At the time, the projected crossing was known as Twist Junction. According to the Hereford Reporter of March 23, 1901, the townsite "...company has purchased a section of land at Twist and will change the name to Denrock...", a hybrid of the two railroads' names. The Denrock Sun newspaper was quickly established, but according to the Hereford Reporter of May 10, 1901, the Sun had announced that "...the town's name has been changed to Delmar." Delmar lasted all of two weeks; a story in the Hereford Reporter of May 24, 1901 provided the new name, Dalhart, a hybrid of Dallam and Hartley, the two counties sharing the county line boundary that passed through the town. The Rock Island track gang reached Dalhart on June 4, 1901, and ... "There were 500 people out to watch the gang build into town." (Bryan Morning Eagle, June 5, 1901) The Rock Island track-layers didn't stop, continuing past Dalhart southwest toward Tucumcari. Approved by the Post Office Department, the Dalhart name stuck, and served by two major railroads, it quickly outgrew other settlements in the region. In 1903, Dalhart won an election to become the county seat of Dallam County, replacing Texline.
Rock Island's 1901 construction coincided with the passing of a new law granting the Railroad Commission of Texas (RCT) the authority to regulate grade crossings of two or more railroads for safety purposes. For safety purposes, interlocker technology was in widespread use elsewhere in the country, so RCT began requiring interlockers to be installed at both new and existing grade crossings of two or more railroads. Railroads could ask RCT for permission to establish an interlocked crossing, and railroads could be ordered to interlock specific crossings based on RCT's assessment of priorities. In all cases, the design and installation of the interlocker had to be approved and inspected by RCT before operations began, and to some extent, the capacity of RCT staff to review interlockers was a limiting factor on how quickly the technology was deployed. At uncontrolled crossings, state law required all trains to stop before proceeding across the diamond. RCT also issued a regulation requiring grade crossings to be protected by a swing gate with a reflective "STOP" sign as a means of protection until an interlocker could be commissioned.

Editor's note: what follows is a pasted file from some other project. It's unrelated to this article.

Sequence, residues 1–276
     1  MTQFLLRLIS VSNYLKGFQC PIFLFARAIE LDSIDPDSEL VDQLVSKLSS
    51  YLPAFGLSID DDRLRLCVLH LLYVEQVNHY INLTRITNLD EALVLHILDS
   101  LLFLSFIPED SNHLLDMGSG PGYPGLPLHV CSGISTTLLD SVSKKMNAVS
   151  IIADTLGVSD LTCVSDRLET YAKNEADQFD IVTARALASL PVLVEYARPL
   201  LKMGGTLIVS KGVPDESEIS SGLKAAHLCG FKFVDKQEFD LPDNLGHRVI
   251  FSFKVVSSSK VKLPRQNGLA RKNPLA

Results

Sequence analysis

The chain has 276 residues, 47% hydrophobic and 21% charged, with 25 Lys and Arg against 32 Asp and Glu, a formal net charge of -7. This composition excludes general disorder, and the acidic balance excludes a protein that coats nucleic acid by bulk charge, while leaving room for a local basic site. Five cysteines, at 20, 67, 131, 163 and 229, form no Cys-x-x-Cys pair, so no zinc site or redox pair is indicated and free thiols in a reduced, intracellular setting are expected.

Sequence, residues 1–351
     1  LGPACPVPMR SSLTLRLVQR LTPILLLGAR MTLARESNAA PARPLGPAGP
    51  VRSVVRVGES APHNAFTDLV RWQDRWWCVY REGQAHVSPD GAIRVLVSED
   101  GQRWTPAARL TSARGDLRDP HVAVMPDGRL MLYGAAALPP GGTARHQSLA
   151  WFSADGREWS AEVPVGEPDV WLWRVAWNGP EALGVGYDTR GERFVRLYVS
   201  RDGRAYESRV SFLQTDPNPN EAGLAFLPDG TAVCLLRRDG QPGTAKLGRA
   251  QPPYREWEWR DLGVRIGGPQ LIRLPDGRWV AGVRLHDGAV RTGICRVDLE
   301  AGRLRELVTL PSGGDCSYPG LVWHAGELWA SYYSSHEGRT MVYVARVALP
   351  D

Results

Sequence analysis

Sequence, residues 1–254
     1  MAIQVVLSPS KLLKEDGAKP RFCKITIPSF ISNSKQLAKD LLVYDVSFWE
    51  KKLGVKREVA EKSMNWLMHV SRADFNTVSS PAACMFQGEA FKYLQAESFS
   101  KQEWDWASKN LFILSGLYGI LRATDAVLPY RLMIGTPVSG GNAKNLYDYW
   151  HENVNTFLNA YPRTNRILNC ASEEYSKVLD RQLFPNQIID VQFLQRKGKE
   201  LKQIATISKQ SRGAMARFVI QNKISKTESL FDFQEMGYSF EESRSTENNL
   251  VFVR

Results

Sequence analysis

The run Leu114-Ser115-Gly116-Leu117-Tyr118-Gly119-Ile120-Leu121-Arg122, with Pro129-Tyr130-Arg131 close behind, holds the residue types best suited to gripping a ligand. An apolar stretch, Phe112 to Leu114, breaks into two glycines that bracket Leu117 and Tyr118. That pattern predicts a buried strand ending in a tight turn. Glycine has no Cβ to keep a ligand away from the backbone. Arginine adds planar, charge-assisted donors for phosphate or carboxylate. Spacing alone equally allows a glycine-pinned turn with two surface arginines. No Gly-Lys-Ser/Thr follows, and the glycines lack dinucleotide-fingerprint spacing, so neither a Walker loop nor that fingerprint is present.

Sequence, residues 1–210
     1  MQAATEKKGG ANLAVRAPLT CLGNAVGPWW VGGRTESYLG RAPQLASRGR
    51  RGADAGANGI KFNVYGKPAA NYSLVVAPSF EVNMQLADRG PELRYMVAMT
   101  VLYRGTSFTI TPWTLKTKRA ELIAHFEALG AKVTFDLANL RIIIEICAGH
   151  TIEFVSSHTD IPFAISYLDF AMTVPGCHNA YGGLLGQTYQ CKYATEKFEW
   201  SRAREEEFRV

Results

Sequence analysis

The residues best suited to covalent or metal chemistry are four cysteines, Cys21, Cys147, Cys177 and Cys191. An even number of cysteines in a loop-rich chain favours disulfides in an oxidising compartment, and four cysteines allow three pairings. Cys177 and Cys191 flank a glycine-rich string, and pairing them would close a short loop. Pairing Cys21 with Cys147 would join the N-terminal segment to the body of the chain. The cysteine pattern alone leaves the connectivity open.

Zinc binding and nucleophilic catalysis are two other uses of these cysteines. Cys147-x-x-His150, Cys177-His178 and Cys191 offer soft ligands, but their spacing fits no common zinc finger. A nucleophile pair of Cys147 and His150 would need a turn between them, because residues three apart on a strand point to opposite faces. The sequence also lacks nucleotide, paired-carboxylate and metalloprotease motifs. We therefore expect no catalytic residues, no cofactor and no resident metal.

Tower 4 at Dalhart was one of the first railroad towers in the state,
authorized for operation by RCT with a 28-function mechanical interlocking plant on
November 28, 1902. The early date might be traceable to the existence of the
tower structure in 1901. If the date of the above photo is accurate, the tower
had already been built and presumably was prepared to accept an interlocker
installation quickly. RCT published its first list of active
interlockers statewide on December 31, 1903. The entry for Tower 4 showed
various details including that the 28 functions were spread over 25 working
levers, the interlocker was a mechanical plant built by the Union Switch &
Signal Co., and the Rock Island subsidiary sharing the crossing was officially the
Chicago, Rock Island & Gulf (CRI&G), into
which the CRI&M had been merged a few weeks earlier.
The railroads crossed in an 'X' pattern north of the Dalhart business district. RCT archives at DeGolyer Library, Southern Methodist University show Tower 4 originally on the north side of the 'X'. Over time, the proximity of the diamond to Dalhart's growing downtown created a major traffic and safety problem. The main street through downtown, Denrock Ave., crossed both lines very close to the diamond. As waiting trains blocked this and other grade crossings frequently, there was concern about getting emergency vehicles to the opposite side of town at critical times. In 1939, the Texas Highway Department and the City of Dalhart began a major project to tunnel Denrock Ave. beneath the crossing. Denrock's widening to a divided four-lane boulevard in the tunnel required Tower 4 to be relocated west of the diamond. A series of temporary modifications to the interlocker was approved by RCT to facilitate continuous operation during various phases of construction. At this time, US 87, which paralleled the FW&DC, was tunneled beneath the Rock Island tracks 400 ft. northeast of Tower 4.